In particular, as shown in FIG. 12, InAs source/drain regions 105 s′/105 d′ are formed at opposite sides of the InAs channel layers 105′ in the nanosheet stack 102′ to complete the FET 100′. The source/drain regions 105 s′/105 d′ may be formed by an epitaxial regrowth process. In particular, in the example of FIG. 12, in-situ doped n+ InAs regions are epitaxially grown on opposite sides of the channel layers 105′ (that is, at the regions 103′ of the nanosheet stack that were patterned and etched in FIG. 8). As such, the source/drain regions 105 s′/105 d′ may contact the channel layers 105′ at sidewalls thereof. However, the remaining insulating layer portions 1020 e in the recessed regions 115 r′ at the sidewalls of the gate layers 115′ electrically isolate the source/drain regions 105 s′/105 d′ from the gate layers 115′. In particular, FIG. 12 illustrates that the InAs source and drain regions 105 s′ and 105 d′ may contact the InAs channels 105′, but may be separated and electrically isolated from the AlSb gates 115′ by the remaining insulating layer portions 1020 f.

While embodiments of the present inventive concepts have been described herein with reference to specific materials for the channel layers, gate dielectric layers, and gate layers, it will be understood that other materials may also be used. In particular, the InAs channel layer 105′/ZnTe dielectric layer 110′/AlSb gate layer 115′ nanosheet stack 102′ described herein may be selected to provide a reduced or minimal lattice mismatch between the layers 105′, 110′, and 115′. However, in some embodiments, a small amount of mismatch (e.g., on the order of 1%) may be used, resulting in strain in the layers 105′, 110′, and/or 115′, provided that the layers are thin enough (or the strain is small enough) to reduce or prevent relaxation (and the consequent introduction of defects). For example, gallium antimonide (GaSb) can be used for the gate layer 115, with indium antimonide (InSb) for the channel layer 105, which may result in even higher or increased mobility. Also, InAs may be used to create ohmic contacts at the source and drain regions 105 s and 105 d, which may result in lower or reduced parasitic resistance.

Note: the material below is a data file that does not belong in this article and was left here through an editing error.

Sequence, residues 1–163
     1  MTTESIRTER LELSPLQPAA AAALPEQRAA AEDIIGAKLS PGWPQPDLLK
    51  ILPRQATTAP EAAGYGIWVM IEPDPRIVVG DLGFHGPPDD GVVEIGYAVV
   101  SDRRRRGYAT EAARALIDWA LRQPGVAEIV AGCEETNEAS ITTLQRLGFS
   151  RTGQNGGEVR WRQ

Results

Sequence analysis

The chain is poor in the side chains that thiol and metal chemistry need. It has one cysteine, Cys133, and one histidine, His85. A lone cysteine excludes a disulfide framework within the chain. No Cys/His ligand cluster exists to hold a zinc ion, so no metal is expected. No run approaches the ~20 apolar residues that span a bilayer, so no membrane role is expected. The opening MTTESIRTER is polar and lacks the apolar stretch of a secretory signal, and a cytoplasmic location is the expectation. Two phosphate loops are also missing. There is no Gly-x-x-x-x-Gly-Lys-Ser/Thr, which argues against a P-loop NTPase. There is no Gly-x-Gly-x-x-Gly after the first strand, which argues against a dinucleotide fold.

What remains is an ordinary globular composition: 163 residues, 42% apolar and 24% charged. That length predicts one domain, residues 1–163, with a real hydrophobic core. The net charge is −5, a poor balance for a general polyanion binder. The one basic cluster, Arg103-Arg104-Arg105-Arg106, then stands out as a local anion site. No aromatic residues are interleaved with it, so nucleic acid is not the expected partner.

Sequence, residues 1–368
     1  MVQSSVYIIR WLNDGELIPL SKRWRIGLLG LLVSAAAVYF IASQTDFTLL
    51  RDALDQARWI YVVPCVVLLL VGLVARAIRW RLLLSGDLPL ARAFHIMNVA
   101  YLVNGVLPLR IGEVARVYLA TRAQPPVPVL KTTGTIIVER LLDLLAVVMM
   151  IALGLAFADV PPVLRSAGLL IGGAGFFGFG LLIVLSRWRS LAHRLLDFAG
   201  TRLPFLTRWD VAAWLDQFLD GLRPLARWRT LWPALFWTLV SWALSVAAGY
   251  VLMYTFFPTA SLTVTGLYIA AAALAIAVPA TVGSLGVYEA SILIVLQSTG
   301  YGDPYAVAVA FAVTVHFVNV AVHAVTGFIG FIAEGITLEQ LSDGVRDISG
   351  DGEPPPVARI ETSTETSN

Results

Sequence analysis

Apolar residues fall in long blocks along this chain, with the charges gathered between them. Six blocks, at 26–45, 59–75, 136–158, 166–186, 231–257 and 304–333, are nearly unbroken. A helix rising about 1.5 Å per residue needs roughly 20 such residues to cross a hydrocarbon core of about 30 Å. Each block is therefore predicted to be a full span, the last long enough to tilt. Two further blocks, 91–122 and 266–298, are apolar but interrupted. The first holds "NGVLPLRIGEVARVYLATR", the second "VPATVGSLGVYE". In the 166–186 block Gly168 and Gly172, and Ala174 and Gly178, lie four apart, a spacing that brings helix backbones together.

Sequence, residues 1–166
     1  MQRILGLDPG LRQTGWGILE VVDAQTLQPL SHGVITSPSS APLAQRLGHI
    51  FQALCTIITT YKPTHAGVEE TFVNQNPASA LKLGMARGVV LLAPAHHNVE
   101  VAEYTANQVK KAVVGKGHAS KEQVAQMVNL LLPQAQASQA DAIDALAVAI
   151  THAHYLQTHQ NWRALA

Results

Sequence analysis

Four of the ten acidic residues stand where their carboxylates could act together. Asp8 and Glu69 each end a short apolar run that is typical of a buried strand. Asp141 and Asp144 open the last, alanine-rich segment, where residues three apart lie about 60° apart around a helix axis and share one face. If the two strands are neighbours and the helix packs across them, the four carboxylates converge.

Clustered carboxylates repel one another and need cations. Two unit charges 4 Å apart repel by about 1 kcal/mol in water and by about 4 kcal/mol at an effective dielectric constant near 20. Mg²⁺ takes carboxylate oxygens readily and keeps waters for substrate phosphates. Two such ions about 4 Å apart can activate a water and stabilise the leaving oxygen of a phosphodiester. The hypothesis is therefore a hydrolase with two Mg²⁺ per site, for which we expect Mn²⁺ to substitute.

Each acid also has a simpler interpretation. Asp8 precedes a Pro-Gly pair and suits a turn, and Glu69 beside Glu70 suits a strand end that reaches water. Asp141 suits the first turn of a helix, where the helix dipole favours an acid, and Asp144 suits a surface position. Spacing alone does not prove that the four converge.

Embodiments of the present inventive concepts may provide several advantages. In particular, devices described herein may offer a high-mobility channel, since SR scattering is largely reduced and/or eliminated by the absence of amorphous layers at the interface between the channel layer 105 and the gate stack 106. Also, short-channel performance may be compatible with sub-10 nm scaling, due to an absence of buffer layers that increase the effective gate oxide thickness.

In addition, the top gate 615 surrounding (or “wrapping”) the stack 102 of nanosheets 101 can be metal or polycrystalline semiconductor. A polycrystalline top gate 615 may be used in some embodiments with little electrostatic penalty given the expected low charge sheet densities, and the absence of metal in the top gate 615 may simplify fabrication processes. In other embodiments, however, metal may be used as the top gate 615 to provide improved control and/or performance.